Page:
Aligning Sustainability Goals, Vocabulary
When it comes to sustainability, defining it depends on who you talk to. That was eminently clear recently when the Electric Utility Industry Sustainable Supply Chain Alliance (“Alliance”) held a stakeholder roundtable with about 30 suppliers to the industry. The objectives were to identify and share best practices, hear about challenges and to network.
Not surprising, there were two familiar themes that came from the discussions. The first was that suppliers and utilities are in agreement that sustainability is a bottom line business issue. Suppliers and utilities said that if making changes to business practices improves their return on investment, they wouldn’t hesitate to do it. The second theme was the need for more consistency around the definition of sustainability. There was unanimous agreement that the overall inconsistency in defining sustainability within a company or an industry makes it challenging to understand the vision or to justify investments without certain payback. (On the flip side, some suppliers said they never would have undertaken changes to reduce water use or improve energy efficiency, for example, if the Alliance hadn’t asked about it.)
The suppliers have a good point about the need for clarity. I’ve heard these same types of complaints with regard to safety performance expectations for contractors. Every utility has different safety standards and requirements for contractors and the lack of a single set of industry expectations is confusing, putting contractors and company employees at risk of harm.
Without clear direction and a business case, how can we set expectations? I believe the Alliance is on the right track with its vision for a sustainable supply chain and much progress has already been made. But based on the feedback from suppliers, there’s still a lot of work yet to be done. Not the least of which is to more clearly define what a sustainable supply chain looks like for the electric utility industry.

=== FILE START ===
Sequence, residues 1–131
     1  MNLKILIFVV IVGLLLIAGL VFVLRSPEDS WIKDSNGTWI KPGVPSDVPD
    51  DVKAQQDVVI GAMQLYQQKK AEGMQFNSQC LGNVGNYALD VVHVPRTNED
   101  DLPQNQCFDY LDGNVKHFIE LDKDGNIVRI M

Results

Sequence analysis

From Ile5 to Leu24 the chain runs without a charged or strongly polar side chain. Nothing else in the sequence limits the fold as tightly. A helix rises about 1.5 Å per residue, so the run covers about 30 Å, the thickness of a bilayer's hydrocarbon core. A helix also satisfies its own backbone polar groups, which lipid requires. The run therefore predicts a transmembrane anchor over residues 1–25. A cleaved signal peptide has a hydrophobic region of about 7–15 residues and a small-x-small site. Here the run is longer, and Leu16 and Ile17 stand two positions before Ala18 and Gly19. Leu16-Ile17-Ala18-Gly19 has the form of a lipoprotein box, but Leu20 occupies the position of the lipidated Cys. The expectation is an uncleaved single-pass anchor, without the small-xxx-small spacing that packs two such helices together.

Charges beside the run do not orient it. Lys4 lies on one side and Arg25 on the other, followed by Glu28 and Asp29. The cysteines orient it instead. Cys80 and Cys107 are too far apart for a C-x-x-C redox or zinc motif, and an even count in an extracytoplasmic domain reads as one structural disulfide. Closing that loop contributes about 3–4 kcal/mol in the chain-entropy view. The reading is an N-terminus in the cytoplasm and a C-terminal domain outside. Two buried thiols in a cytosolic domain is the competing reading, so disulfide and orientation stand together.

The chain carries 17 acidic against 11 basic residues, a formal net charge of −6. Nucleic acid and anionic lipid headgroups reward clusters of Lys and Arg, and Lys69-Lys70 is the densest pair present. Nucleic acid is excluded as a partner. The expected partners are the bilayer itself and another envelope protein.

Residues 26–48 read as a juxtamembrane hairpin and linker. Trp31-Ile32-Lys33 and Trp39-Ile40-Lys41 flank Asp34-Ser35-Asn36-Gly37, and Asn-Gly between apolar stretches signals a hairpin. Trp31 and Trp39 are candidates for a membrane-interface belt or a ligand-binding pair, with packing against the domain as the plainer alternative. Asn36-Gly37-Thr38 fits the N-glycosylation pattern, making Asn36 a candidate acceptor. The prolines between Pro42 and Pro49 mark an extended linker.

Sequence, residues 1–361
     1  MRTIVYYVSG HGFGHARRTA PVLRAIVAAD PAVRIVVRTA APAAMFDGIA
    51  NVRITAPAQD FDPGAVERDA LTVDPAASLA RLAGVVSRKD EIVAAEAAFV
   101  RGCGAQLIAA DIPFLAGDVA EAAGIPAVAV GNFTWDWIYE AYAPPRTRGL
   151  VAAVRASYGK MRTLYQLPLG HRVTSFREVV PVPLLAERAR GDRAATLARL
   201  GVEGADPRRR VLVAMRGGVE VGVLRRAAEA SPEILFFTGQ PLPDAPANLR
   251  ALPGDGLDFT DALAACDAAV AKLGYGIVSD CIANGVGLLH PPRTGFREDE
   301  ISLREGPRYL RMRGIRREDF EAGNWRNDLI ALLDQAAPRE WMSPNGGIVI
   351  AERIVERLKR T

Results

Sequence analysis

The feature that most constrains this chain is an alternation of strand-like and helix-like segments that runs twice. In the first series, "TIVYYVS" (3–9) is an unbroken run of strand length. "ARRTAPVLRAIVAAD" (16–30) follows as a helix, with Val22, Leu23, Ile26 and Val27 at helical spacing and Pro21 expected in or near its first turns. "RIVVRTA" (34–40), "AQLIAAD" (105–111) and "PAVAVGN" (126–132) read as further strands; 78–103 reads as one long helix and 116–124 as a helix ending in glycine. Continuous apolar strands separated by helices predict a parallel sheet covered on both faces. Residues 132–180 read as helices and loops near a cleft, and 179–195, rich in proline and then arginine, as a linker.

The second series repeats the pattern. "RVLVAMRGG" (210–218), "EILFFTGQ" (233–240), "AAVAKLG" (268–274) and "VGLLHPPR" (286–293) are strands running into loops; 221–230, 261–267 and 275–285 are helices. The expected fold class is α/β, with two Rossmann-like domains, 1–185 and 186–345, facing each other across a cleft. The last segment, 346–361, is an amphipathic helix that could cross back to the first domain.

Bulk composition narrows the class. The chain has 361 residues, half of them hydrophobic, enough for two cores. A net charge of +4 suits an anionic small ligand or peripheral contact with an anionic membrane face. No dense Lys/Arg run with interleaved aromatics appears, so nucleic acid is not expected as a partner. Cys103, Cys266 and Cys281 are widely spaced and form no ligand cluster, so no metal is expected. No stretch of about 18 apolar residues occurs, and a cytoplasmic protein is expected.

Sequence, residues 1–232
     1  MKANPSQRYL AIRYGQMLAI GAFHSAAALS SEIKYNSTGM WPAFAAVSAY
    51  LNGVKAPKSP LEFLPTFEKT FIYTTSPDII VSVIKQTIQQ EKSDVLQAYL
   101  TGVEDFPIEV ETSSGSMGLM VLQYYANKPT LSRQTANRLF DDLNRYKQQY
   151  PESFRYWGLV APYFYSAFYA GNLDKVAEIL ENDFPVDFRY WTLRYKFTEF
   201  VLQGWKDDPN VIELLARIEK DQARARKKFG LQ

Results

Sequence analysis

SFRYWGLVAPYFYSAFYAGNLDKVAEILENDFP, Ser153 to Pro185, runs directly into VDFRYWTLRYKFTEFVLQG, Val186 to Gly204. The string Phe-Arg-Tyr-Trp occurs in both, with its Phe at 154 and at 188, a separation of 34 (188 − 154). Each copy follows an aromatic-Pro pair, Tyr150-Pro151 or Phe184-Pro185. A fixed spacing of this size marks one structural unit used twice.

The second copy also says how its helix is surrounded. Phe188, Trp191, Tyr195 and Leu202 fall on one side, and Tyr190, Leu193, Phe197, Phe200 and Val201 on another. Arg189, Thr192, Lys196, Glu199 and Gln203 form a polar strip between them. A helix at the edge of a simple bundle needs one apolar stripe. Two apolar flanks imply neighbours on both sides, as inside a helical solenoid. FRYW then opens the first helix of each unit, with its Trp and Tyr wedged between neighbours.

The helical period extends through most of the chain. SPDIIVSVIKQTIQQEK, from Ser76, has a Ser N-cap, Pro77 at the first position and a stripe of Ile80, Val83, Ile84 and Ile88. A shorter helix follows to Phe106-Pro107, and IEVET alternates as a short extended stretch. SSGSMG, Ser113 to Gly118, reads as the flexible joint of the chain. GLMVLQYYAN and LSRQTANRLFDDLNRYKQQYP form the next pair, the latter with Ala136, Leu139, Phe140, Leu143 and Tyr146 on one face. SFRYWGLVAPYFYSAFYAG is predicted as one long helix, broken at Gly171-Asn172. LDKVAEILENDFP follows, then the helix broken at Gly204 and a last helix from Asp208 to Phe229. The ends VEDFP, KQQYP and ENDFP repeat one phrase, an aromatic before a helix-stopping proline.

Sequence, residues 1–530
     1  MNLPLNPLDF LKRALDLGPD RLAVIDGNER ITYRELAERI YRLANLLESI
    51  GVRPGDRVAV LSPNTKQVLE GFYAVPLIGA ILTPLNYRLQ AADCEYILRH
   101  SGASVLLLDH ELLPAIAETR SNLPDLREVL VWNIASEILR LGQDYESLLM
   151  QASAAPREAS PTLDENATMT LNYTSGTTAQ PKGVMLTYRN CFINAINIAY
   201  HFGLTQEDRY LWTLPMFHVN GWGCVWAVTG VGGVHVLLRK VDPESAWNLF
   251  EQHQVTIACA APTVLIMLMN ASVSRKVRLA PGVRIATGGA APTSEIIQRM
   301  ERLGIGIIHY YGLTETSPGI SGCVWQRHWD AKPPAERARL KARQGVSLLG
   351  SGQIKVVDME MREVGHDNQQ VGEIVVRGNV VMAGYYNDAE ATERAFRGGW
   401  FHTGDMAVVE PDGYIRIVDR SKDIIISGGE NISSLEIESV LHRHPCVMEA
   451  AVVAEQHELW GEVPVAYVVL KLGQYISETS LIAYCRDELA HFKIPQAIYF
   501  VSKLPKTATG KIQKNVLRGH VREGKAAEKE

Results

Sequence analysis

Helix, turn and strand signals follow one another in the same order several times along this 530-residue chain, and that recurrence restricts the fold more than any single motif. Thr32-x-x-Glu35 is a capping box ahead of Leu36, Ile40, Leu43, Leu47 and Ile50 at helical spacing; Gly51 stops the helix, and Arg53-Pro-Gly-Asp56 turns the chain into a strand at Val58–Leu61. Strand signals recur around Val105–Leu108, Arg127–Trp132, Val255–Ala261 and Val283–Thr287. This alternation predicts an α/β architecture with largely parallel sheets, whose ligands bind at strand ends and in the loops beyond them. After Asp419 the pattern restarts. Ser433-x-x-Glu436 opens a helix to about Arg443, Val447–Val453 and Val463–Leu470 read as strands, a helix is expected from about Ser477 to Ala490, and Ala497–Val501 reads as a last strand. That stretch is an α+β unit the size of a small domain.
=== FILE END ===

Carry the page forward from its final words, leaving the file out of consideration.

What are you doing to offer clarity around ‘sustainability’ for your customers and suppliers? What definition of sustainability do you use?
Sandy Nessing is the Director of Sustainability & ESH Strategy & Design for American Electric Power Co. Inc.. She wrote and published AEP’s first Corporate Sustainability Report in 2007 and in 2010 published AEP’s first integrated Corporate Accountability Report, a combination of the annual sustainability report and Annual Report to Shareholders. Follow her on Twitter at @Watts4U.
Entry filed under: Change Management, Corporate Social Responsibility, EHS Management, Emerging Issues, Sustainability, Uncategorized. Tags: American Electric Power Co. Inc., Corporate Social Responsibility, csr, EHS, EHS management strategies, Environment Health and Safety, environment health and safety magement, Sandy Nessing, Stakeholder Engagement, supplier engagement, supply chain engagement, Supply chain management, Sustainability, sustainability management.